Article by Wendy McCance
I never thought I would be writing this article. I still struggle with this entire topic to be quite honest. With the economy the way it is and writing assignments equalling food on the table, how could I possibly turn down any work? Believe it or not, it has happened more often than I expected it to.
Turning down an assignment can be painful. I am building a business and each assignment I get is like hitting the right numbers in the lottery. Every new client can mean the possibility of getting several projects over the course of my career. Each time I gain a new job, I think about all of the people they know and what the possibilities are that they will pass my name along to another person looking for a freelancer.
Why in the world would I possibly turn down a job? The answer is that in some cases, passing on an opportunity is good for the health of my business.
There are some situations where although I will mull over an offer again and again, deep down I know that by passing, I am avoiding a possible train wreck situation. I know that for my peace of mind, declining an offer can sometimes be the right move. Below I have listed the situations where I have decided not to work with a client and why it was a good decision for me. Everyone is different and what boundaries one person might have could be different for someone else. The key is to find the right balance for yourself and knowing when to walk away.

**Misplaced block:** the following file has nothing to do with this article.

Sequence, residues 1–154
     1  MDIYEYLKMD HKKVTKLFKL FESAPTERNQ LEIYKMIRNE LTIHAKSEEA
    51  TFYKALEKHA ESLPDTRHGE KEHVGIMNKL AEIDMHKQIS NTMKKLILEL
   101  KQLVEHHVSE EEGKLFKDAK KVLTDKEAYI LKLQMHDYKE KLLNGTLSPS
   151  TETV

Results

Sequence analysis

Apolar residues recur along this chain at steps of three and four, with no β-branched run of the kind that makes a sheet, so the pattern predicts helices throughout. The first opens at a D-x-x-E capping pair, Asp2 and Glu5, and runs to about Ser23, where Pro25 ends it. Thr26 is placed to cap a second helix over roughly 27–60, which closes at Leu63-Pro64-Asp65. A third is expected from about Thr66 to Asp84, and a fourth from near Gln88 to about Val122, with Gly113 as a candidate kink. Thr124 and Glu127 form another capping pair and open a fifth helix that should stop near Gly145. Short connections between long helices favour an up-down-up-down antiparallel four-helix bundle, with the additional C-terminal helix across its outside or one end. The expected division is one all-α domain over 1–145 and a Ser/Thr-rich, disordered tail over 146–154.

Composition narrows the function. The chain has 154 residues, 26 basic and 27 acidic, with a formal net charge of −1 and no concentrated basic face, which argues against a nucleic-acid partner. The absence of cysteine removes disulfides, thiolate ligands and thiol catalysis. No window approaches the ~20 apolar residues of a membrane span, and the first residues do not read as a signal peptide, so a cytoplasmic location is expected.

1. The assignment is way out of my league.
This happens when a topic is too technical or complex and I have no interest or ability in trying to create a solid piece of work from something I know nothing about.
2. Getting in touch with a potential client is nearly impossible.
I have had initial conversations with a potential client and then, crickets for weeks. Suddenly I will receive a call or email about a proposal and then waited several more weeks for an answer. The relationship continues in this manner.
This is one of those tricky situations when you try to gauge if there is a reason behind the lack of connecting or if this is basic protocol with the individual. If this pattern continues, I bow out. I just don’t have the time to track down a client and endlessly putting projects that are getting underway on hold is just too difficult.
Any research gets blurred when you have to drop the project for weeks before getting the next approval to move on. It’s also frustrating to know how much additional work you can take on in a particular week when the project is on and off.